29 May 2013

Creating Germans in Africa

In the most recent edition of European Education, we featured four papers about the export of European education to places around the world. One of these comes from Daniel J. Walther. He is the Gerald R. Kleinfeld Distinguished Professor in German History at Wartburg College. He is also the author of the book Creating Germans Abroad: Cultural Policies and National Identity in Namibia and several articles on the German experience in Namibia and on German colonialism. He is currently working on a study of the interplay between the medical profession and indigenous agency within the context of venereal diseases and prostitution. His paper in our journal is entitled "Creating Germans Abroad: White Education and the Colonial Condition in German Southwest Africa, 1894–1914." The abstract of the paper is provided below. If it looks like something that you would like to read, please follow this link to find out more about subscriptions.

Creating Germans Abroad: White Education and the Colonial Condition in German Southwest Africa, 1894–1914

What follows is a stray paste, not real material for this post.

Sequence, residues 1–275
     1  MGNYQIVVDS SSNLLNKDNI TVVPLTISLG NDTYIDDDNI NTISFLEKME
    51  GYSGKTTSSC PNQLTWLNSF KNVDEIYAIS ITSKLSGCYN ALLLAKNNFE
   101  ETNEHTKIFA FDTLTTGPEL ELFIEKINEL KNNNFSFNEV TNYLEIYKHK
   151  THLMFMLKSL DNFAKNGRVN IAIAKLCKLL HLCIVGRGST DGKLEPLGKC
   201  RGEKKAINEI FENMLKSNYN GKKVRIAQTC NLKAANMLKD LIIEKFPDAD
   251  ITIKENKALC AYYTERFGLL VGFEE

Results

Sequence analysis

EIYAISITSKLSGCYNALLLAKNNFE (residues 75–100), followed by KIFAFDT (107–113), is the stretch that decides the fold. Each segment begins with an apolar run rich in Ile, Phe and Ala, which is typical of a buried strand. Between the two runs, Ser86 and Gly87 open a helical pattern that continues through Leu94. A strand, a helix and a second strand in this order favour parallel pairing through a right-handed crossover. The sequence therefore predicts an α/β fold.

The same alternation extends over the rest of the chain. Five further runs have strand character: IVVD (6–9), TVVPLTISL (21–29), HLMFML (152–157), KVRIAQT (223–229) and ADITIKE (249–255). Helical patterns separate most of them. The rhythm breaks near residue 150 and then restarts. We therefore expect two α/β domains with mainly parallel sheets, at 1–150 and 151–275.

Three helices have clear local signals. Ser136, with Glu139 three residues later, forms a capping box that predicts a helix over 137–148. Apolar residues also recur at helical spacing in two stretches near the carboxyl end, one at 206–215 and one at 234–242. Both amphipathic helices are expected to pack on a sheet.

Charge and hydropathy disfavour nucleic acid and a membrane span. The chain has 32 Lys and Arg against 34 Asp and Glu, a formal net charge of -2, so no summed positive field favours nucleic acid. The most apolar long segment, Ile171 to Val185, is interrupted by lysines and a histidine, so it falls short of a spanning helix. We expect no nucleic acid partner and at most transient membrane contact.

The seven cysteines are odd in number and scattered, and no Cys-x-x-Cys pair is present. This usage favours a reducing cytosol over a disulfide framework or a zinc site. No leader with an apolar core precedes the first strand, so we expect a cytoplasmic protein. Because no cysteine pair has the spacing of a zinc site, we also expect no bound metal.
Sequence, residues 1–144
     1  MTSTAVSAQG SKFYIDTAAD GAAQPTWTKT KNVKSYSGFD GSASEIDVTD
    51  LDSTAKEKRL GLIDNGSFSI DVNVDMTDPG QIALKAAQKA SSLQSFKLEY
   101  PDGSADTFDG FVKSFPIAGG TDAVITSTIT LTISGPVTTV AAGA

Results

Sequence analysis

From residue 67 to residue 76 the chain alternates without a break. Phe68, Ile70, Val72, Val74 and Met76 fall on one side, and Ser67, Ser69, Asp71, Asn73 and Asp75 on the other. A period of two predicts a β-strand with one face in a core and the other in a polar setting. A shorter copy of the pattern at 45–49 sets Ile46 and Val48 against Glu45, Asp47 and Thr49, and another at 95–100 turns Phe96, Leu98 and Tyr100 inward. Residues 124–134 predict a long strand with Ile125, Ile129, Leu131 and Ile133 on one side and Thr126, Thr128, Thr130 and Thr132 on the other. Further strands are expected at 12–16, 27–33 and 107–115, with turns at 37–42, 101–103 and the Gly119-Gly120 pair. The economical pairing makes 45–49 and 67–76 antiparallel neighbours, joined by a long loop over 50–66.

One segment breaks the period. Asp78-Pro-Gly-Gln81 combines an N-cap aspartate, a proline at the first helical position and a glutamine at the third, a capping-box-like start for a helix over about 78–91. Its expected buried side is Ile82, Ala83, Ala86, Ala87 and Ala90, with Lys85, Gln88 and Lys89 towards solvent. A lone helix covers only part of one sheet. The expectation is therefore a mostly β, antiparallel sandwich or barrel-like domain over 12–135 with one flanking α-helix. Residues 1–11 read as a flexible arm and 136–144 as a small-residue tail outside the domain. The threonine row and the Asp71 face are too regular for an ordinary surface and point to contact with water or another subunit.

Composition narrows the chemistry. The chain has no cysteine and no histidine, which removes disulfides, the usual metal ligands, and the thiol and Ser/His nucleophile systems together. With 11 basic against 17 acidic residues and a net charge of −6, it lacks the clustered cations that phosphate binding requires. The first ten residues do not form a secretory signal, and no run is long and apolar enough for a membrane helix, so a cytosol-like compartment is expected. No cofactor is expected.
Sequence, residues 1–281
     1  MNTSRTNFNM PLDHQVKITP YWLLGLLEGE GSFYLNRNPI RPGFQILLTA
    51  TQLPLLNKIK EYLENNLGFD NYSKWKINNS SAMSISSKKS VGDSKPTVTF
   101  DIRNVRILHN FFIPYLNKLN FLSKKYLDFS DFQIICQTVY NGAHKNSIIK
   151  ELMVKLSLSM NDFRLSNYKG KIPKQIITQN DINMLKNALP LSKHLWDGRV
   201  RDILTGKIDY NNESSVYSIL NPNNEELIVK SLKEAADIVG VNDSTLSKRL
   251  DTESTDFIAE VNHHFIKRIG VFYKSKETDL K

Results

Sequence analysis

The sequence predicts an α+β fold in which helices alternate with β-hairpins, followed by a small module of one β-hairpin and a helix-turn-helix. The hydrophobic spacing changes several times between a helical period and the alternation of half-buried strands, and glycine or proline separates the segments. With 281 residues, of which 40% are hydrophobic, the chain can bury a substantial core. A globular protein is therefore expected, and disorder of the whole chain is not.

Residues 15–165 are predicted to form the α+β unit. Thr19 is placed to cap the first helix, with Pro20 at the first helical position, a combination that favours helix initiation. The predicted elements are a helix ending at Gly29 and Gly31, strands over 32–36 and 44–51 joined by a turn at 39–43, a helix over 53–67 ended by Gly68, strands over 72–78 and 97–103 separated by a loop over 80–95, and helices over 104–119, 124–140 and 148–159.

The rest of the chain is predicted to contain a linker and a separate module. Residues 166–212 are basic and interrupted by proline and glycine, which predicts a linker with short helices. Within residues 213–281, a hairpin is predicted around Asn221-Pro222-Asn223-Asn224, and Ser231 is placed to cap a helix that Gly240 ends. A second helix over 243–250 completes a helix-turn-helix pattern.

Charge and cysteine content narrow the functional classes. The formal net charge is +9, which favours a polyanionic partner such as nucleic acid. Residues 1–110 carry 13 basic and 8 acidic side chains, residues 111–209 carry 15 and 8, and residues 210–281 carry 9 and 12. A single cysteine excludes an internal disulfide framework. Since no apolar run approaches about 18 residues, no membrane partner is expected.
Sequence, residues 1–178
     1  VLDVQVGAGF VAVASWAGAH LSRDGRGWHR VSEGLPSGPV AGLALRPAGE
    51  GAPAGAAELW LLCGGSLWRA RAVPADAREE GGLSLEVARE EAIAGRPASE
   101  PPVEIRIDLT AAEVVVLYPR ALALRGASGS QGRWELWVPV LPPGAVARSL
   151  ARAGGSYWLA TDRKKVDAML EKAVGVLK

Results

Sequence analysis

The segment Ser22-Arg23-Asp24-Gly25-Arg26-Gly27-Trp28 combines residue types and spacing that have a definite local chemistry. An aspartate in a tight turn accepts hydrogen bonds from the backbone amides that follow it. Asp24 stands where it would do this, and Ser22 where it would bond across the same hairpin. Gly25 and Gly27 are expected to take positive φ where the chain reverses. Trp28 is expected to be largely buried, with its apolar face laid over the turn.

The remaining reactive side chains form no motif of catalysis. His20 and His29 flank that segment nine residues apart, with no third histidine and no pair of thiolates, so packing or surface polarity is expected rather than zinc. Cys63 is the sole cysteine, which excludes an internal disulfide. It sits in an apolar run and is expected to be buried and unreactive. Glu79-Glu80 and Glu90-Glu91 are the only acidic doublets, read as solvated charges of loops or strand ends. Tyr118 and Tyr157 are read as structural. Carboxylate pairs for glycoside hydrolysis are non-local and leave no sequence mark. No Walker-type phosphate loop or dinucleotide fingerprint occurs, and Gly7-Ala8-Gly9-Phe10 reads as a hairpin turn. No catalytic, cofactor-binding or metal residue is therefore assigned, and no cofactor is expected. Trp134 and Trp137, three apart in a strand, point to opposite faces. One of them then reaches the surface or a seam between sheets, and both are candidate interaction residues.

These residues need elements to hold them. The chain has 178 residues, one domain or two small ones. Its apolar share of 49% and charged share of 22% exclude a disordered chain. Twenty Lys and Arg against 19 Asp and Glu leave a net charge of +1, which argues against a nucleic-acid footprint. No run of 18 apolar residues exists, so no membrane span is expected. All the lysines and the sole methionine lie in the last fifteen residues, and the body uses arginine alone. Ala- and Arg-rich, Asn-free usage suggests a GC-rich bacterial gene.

From the perspective of German colonial supporters and authorities, appropriate white education in the settler colony of Southwest Africa (SWA) was essential for maintaining German hegemony in the territory. In order to reach this objective, the German colonial administration in SWA, with assistance from pedagogues and institutions in Germany, embarked upon a program to turn the colony’s white youth into productive and loyal members of the German Empire. The educational policies pursued provide a lens to explore how colonial enthusiasts defined what it meant to be German. However, this image and the policies intended to create it did not exist in isolation. Other populations, colonial economics, and geography resulted in a German educational system that could not be exactly replicated in SWA. Thus, a system and ultimately a population emerged that were shaped by both German educational philosophies and colonial exigencies.

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